China Less and Less Enamored of Social Media, Study Finds

China’s Internet users are growing disenchanted with social media.

A new poll from research firm Kantar showed only 64.7% of Chinese web users felt social media’s impact is positive, down from 76.8% a year earlier.

The study’s authors pointed to several causes, including loss of novelty, web addiction and lower-quality content on social media platforms.

The sliding poll numbers come as China’s government has gradually tightened control over social media platforms. In January, the country’s Internet regulator shut down dozens of public accounts on the popular WeChat instant messaging platform for posting inappropriate content. That followed moves last year to restrict access to foreign services like Line, Flickr and Instagram and to require holders of public WeChat accounts to register with their real names.

On Wednesday, Beijing announced new rules requiring real-name registration for virtually every social media platform.

But tighter management wasn’t the only reason social media was declining in popularity.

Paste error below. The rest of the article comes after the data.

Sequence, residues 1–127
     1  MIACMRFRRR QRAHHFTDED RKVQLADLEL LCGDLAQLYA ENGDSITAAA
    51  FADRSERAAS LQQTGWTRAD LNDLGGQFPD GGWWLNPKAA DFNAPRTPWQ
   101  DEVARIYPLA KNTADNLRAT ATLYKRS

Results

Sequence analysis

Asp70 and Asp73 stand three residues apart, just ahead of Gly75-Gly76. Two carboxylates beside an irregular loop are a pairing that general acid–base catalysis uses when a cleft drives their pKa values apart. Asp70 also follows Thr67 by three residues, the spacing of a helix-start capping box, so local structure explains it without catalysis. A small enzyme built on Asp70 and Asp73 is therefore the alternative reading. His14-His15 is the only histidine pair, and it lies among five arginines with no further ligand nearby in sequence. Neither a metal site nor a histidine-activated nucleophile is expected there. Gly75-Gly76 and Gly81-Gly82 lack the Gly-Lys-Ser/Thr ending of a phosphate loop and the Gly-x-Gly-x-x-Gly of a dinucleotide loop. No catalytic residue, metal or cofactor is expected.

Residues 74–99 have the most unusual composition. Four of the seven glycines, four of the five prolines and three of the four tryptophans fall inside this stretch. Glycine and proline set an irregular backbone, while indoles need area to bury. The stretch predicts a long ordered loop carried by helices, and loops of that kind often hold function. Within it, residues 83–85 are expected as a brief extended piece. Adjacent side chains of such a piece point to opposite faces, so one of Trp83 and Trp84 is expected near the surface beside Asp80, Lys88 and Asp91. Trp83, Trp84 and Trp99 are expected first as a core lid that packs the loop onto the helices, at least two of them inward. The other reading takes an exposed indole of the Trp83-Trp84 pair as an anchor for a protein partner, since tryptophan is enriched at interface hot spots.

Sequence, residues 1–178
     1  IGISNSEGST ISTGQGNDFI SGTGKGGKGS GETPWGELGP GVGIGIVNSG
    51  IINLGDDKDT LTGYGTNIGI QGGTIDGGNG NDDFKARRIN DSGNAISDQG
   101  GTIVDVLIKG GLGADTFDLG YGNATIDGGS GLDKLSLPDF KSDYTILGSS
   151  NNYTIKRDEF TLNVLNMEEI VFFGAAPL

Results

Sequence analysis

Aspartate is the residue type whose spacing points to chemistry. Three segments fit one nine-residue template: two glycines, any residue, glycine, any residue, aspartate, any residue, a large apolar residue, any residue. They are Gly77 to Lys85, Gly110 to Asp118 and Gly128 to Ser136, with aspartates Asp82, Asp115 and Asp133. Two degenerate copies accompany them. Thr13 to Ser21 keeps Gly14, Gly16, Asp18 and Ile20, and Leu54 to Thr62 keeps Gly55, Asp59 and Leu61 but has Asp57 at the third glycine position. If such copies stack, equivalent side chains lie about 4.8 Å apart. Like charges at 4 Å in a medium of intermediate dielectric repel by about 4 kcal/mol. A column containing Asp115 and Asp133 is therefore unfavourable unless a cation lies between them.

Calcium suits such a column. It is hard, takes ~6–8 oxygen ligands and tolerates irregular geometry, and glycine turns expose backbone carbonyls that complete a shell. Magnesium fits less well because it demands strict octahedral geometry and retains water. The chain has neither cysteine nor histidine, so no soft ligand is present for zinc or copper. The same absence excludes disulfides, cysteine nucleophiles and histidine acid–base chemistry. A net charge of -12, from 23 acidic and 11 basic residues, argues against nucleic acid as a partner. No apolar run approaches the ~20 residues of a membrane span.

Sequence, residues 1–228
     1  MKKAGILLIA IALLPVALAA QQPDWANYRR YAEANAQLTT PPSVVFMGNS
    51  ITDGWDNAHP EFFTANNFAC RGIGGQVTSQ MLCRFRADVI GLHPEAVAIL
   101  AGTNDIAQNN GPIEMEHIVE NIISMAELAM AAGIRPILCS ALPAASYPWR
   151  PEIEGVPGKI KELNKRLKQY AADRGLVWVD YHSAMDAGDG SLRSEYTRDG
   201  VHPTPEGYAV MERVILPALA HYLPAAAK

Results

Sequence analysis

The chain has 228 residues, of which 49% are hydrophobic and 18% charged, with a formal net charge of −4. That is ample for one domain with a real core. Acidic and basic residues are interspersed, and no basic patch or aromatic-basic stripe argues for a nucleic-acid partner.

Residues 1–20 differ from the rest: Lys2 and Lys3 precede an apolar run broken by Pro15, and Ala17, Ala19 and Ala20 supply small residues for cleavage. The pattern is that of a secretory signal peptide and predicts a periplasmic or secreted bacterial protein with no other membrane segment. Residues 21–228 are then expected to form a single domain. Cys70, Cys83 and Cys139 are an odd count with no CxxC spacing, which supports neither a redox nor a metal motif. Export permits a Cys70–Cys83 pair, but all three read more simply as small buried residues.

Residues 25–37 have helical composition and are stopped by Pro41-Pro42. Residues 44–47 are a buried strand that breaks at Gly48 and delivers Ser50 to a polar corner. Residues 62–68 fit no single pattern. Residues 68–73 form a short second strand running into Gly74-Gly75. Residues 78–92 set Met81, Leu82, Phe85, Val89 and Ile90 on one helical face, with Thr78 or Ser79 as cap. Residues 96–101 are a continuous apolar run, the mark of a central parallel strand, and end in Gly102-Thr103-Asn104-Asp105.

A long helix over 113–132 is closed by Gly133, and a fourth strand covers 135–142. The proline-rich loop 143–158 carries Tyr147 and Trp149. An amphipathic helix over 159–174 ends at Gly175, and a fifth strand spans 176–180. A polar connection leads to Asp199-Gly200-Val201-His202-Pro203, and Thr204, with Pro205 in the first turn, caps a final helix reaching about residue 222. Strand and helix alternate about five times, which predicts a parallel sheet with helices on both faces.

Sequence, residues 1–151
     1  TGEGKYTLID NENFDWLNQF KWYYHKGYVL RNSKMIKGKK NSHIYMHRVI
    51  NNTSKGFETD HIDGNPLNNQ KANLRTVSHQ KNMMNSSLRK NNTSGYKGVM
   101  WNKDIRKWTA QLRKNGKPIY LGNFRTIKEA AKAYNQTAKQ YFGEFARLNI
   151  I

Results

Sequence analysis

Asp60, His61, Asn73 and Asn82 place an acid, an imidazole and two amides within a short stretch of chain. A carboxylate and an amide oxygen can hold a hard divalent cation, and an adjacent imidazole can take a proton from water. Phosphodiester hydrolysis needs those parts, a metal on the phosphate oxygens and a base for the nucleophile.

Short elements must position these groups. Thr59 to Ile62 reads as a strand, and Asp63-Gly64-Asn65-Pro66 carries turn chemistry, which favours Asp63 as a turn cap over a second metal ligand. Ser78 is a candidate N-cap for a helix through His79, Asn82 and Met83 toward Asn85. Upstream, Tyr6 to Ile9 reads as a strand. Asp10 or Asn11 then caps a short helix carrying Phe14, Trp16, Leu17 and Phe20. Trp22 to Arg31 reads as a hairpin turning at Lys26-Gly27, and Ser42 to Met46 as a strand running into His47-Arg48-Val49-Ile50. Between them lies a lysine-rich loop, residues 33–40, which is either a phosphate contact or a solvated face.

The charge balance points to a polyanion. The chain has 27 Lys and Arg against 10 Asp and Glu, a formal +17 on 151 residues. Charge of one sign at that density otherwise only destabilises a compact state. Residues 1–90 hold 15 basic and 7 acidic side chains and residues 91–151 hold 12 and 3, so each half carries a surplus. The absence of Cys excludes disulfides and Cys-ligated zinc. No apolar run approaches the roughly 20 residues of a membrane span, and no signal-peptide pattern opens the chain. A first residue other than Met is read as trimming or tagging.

“Social media has penetrated into the lives of Chinese people and they now realize they are spending too much time on it,” said Sophie Shen, who led the Kantar poll, in a statement. “At the same time, they are receiving more low-quality and duplicate content.”

The No. 1 worry brought about by social media use, according to the survey, was reduced time reading books. Reduced privacy, sleep deprivation and worsening eye-sight were other concerns.

Overuse of the Internet is a common topic of conversation in China. The world’s second-largest economy has had a steady stream of dismal, and sometimes gory, accounts of Internet addiction, such as the recent one of a teen who evidently chopped off his hand (in Chinese) in an effort to stay off the web.

In addition to the decreased enthusiasm for social media, the Kantar China study found that the user base of social media is broadening, with people of different age groups, lower education and smaller cities now joining. The average age of the Chinese social media user was 30.4 in 2014, up from 28.8 the year before.

Microblog usage fell 11 percent last year, after a 9 percent decline the previous year, according to a report released Tuesday by state-run China Internet Network Information Center. The fall came despite continued growth in the country’s population of Internet users, which hit 649 million in 2014.

The study was conducted through online polling of more than 13,000 Chinese web users, along with text-mining of posts on the leading microblogging site Weibo and top chat app WeChat.


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